Exercise: Some of you may have seen the film The King’s Speech, where the King’s script was peppered with back slashes to represent pauses. This is a great tip for any form of public speaking. Read your piece aloud. Now go through your paper copy adding physical reminders of where to pause, and then read it aloud once more. You may be surprised at how much it can help.
Droning – or speaking in a monotone – sends a signal to the listener that this is a sound without information. Speak without inflection and the audience will, despite their best intentions, lose focus on what you are saying.
When you are reading a story aloud, you are a storyteller. The way you tell a story to friends about an incident in your daily life is very different from how you read for an audience… or is it? It shouldn’t be. Use the same animation and pace that you would use relating a story to a friend as when reading your written one aloud. The ‘back slashes in the script’ mentioned above can also help with this one!
Exercise: Read a sentence or two as if you are; paying at the supermarket checkout; talking to a work colleague; passing juicy gossip to a friend.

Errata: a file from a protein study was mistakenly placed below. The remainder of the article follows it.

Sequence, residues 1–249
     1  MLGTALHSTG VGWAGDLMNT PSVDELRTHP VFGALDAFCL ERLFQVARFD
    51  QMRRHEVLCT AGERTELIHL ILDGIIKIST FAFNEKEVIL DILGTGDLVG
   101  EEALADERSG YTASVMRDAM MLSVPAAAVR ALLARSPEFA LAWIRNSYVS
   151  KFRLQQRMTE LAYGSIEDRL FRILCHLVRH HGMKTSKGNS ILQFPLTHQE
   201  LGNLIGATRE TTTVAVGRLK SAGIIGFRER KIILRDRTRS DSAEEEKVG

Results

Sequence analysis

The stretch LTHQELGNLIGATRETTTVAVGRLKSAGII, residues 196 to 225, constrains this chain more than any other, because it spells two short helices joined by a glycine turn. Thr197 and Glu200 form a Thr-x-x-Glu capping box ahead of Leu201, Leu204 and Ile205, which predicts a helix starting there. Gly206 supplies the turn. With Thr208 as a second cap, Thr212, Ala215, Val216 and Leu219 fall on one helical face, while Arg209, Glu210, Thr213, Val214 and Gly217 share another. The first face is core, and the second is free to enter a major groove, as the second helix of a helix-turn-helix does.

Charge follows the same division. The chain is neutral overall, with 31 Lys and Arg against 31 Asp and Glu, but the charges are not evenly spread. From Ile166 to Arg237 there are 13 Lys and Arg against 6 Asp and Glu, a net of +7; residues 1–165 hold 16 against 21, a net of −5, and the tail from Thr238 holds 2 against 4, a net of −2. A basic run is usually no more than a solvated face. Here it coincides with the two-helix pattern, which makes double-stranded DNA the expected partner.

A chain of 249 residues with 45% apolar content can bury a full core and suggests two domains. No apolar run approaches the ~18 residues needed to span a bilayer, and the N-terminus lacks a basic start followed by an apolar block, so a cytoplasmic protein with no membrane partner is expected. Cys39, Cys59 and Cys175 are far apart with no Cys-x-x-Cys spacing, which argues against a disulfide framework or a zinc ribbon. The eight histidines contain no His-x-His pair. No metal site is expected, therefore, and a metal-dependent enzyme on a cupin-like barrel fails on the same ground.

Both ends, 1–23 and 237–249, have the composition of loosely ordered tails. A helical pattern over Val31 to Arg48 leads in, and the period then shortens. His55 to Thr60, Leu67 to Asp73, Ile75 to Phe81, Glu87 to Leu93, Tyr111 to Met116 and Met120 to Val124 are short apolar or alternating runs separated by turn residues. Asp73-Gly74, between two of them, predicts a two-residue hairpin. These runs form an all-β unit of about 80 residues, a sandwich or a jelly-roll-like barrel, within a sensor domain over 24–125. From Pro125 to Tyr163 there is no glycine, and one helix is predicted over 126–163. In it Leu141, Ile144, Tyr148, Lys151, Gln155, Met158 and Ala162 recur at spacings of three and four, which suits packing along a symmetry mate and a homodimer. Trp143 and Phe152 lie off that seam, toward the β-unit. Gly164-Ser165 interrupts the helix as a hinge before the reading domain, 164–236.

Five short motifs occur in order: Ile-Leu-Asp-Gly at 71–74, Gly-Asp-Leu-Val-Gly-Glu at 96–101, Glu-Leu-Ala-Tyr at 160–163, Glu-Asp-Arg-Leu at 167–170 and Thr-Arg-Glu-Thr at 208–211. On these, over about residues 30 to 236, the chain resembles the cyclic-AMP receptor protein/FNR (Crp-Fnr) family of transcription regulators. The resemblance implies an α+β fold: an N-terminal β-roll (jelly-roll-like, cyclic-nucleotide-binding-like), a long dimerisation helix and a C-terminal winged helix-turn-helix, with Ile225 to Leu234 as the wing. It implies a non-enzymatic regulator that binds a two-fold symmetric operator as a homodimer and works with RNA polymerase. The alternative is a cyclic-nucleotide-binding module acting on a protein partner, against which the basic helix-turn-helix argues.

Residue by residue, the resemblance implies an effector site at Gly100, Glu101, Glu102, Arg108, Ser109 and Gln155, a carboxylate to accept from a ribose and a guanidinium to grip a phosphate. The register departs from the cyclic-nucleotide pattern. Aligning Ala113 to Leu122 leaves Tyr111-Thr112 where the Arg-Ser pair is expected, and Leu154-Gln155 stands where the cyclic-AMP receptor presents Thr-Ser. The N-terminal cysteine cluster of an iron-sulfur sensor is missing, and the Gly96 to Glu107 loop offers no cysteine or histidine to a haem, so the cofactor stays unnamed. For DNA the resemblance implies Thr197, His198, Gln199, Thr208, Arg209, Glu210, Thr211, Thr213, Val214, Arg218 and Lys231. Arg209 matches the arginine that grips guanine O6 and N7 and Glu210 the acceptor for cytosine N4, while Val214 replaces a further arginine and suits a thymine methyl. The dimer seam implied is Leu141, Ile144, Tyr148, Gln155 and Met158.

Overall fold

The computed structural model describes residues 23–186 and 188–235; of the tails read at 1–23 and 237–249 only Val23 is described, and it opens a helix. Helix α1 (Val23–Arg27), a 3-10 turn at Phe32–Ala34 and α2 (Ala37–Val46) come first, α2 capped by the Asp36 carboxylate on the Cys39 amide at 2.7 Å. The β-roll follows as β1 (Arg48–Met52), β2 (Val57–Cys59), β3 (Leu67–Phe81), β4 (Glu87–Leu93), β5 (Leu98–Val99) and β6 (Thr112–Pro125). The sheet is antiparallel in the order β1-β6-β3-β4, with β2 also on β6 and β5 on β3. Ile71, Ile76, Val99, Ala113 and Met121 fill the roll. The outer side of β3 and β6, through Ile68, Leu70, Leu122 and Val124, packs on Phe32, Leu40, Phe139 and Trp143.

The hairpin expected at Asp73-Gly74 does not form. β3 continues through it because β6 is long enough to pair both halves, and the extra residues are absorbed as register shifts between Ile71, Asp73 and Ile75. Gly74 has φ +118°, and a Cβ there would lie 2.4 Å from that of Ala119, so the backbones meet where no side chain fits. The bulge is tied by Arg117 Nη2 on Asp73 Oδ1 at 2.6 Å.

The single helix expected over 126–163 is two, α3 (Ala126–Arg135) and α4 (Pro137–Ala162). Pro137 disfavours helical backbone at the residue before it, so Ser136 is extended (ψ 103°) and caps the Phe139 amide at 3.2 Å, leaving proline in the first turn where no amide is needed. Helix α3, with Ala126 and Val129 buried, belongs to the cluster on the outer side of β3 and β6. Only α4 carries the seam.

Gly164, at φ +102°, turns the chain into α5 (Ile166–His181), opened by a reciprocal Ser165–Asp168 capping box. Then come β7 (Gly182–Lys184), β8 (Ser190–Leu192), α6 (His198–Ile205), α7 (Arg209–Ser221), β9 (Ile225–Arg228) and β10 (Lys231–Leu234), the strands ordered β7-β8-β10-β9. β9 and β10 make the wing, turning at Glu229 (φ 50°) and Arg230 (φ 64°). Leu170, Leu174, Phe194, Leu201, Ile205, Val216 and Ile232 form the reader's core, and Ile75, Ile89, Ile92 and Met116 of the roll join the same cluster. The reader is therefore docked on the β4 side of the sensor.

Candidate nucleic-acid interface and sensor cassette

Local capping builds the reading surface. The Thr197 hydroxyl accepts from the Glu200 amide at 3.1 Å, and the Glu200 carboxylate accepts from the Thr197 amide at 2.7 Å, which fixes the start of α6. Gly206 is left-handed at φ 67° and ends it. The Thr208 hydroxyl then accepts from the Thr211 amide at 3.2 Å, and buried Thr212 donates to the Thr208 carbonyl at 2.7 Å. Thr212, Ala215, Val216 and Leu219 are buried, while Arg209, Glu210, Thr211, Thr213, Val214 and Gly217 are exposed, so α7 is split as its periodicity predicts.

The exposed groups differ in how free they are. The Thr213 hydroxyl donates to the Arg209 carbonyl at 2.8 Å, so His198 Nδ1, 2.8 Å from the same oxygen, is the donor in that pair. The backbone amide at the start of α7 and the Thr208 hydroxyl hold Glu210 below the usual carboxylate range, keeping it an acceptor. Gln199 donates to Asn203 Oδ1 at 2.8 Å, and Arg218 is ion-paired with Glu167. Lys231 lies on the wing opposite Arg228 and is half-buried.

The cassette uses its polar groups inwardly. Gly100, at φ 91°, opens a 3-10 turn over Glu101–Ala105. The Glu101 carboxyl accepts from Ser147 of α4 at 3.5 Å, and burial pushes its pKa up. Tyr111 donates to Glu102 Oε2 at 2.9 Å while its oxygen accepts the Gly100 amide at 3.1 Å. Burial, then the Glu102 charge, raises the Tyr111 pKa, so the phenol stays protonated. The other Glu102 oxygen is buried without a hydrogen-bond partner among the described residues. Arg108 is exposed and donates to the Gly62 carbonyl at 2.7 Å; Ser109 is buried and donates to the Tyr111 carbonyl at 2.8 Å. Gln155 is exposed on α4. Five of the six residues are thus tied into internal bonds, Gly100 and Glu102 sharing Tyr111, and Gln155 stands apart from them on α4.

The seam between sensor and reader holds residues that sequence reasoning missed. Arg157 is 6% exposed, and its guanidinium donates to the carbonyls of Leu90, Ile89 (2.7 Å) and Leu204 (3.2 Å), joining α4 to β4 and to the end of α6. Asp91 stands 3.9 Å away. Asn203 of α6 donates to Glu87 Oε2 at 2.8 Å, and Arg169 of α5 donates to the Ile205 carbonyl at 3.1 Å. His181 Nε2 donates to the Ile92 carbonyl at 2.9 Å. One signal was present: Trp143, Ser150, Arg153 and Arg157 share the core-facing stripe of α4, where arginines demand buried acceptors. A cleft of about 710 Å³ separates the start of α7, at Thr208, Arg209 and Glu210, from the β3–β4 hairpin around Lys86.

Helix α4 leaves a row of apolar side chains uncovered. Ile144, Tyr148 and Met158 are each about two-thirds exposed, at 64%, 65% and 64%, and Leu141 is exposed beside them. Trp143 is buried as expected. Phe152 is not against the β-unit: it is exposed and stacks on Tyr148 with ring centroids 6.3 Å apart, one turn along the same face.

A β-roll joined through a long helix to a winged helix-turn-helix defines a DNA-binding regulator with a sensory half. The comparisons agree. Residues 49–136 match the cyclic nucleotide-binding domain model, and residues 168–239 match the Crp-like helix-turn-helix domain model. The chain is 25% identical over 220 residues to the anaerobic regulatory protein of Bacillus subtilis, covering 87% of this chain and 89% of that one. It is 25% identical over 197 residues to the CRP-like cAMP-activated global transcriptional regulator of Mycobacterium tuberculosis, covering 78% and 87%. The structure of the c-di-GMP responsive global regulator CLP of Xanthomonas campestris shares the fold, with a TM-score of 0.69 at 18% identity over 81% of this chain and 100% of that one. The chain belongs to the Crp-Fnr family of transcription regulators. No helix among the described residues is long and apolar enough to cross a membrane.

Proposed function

Now we move on to character
Not everyone can ‘do accents’ but the human voice is still very flexible and there are ways you can make different characters in your story come alive without being a gifted mimic.
Your basic tools are Pitch, Pace, Accent and Attitude.
Pitch is fairly self-explanatory, but whilst it can add colour a character, it isn’t a good idea to speak outside of your vocal range.
Exercise: To check your range, hum from your highest to your lowest note. You will mostly use the middle when speaking.
Pace — This covers everything from how quickly a character speaks to the types of rhythms they use. Is their voice quick? Or fluid? Or staccato? Are they slow and halting, or do they drawl? Reminder: Generally speaking, always go far slower than you think you should.